Maggie Ritchie's Looking for Evelyn is shortlisted for 2018 Best Published Novel. A freelance journalist and author, Maggie was born in India and grew up in Zambia, Spain and Venezuela before settling in Scotland with her husband and their son. Here, she discusses her novel in the first of our Meet the Author series:
WNSF: What does adventure writing mean to you? Would you have considered Looking for Evelyn an adventure story before being shortlisted?
Maggie: I devoured adventure books as a child and loved H Rider Haggard, R L Stevenson, Jules Verne and Edgar Rice Burroughs. They usually involved a group of intrepid explorers travelling to exotic jungles, to the bottom of the sea or to far-flung islands to find some kind of mysterious lost treasure and encountering and overcoming danger on the way.
Before being shortlisted for this prize, I hadn’t considered Looking for Evelyn an adventure story but now I realise it certainly has an exotic setting that the main characters – who share a brave sense of adventure and curiosity about the world – boldly explore. And they encounter danger in the form of witchcraft, superstition, racism and misogyny. The treasure they seek is not the gold statue of a forgotten god but something more ephemeral – one character seeks answers to a childhood trauma and the other to escape failure and boredom. And just like Rider Haggard’s brave explorers, they go on a quest to Africa and, like their Victorian counterparts, end up finding a different kind of treasure.
WNSF: Looking for Evelyn has such a strong sense of place. What role does research play in your writing? How did you make it feel so authentic?
Maggie: I drew heavily on my childhood in Southern Africa for the setting and many of the incidents in Looking for Evelyn. My family lived in the Zambian bush in the early 1970s, not long after the country became independent. I still vividly recall the smells, colours and sounds of my childhood, and the different people who were in my life: local children who were my friends, the terrifying witchdoctor, Boer farmers, missionary priests, white British settlers and, of course, my own parents and brothers and sister.
As a child I was aware there were racial tensions and political unease but only as a vague, threatening background to an otherwise carefree, adventurous existence. In order to fill in the gaps, I interviewed people who had worked and lived in Zambia: my father, formerly of the British Council, my mother, a missionary priest, a former BBC East Africa correspondent, and a friend who grew up in Zambia and her mother, who ran the Lusaka Club. I also read a fascinating memoir of a colonial officer, books on traditional African beliefs, and modern histories of Zambia about independence and beyond.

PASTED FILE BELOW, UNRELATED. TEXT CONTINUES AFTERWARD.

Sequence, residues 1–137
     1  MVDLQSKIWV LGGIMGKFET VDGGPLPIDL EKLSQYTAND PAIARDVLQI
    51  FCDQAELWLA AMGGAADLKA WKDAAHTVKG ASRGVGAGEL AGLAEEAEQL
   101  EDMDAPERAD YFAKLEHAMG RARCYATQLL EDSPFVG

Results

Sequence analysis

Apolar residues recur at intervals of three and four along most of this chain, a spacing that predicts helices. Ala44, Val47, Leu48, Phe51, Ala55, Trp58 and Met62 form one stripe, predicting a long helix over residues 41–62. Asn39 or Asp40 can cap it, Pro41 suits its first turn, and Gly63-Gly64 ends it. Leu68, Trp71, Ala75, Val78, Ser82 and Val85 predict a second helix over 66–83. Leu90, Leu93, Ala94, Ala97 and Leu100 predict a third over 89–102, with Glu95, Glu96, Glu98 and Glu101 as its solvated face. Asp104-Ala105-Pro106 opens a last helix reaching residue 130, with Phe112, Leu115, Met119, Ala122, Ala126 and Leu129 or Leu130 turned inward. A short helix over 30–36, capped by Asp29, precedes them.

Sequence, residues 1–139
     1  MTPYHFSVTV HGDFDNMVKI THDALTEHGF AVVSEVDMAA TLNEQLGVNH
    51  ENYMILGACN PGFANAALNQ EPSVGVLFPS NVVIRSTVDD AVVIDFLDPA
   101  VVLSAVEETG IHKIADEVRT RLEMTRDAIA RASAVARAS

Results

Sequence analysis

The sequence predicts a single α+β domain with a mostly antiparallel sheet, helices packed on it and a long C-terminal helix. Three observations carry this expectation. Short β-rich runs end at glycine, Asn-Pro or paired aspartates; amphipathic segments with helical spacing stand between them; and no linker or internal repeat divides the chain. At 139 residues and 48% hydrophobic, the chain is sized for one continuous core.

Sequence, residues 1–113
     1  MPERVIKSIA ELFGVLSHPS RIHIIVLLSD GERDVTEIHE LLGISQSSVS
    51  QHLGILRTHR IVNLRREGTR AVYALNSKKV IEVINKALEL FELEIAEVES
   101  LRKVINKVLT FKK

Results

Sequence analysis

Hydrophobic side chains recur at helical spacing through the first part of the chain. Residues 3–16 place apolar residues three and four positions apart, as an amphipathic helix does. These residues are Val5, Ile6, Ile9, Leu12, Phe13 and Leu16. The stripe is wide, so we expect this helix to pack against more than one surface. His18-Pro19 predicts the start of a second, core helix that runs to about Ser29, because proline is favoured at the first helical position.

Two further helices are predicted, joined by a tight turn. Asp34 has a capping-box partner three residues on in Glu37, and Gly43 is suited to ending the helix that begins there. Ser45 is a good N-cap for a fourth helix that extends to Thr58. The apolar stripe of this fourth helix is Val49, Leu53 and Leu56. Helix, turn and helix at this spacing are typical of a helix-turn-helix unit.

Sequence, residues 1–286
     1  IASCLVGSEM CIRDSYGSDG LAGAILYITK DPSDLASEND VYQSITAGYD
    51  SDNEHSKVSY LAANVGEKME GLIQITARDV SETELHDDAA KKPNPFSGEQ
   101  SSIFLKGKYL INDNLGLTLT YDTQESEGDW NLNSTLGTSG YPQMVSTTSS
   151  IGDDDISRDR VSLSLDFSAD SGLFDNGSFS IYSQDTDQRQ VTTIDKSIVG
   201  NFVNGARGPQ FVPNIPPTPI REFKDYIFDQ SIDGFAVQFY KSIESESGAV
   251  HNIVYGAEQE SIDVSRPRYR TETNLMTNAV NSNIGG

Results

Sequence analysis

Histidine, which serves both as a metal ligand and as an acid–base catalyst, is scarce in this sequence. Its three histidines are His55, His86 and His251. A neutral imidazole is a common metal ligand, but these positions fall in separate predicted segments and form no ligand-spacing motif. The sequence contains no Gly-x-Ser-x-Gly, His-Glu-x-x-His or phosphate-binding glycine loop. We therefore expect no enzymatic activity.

WNSF: Are there any books or authors that have influenced you as a writer?
Maggie: I’ve always enjoyed books where a momentous or dramatic event is partly shown from a child’s perspective. It’s tricky to pull it off, as you also need that child’s adult self to look back and interpret what went on. Harper Lee is the master in To Kill a Mockingbird but Carson McCullers's The Heart is a Lonely Hunter, Jean Rhys’s Wide Sargasso Sea, Ian McEwan’s Atonement, L P Harley’s The Go Between, and Sidonie Colette’s Claudine novels were also influential.
WNSF: What has been your toughest criticism as a writer? And your greatest compliment?
Maggie: Any criticism is tough but if it’s constructive it can make a novel so much better so I like to take it on the chin before the novel is published. If a character is declared silly or two-dimensional, that’s a major problem and creates a big headache. I found two of the main male characters suffered from this in early drafts but once I’d dug into them more and worked much harder they became rounded and much more believable. Compliments are harder to remember! People who liked Looking for Evelyn said they could imagine they were in Africa. I’m glad I was able to convey my love for the continent.
The winner of this year's Wilbur Smith Adventure Writing Prize will be revealed at a special ceremony in London on 20th September 2018.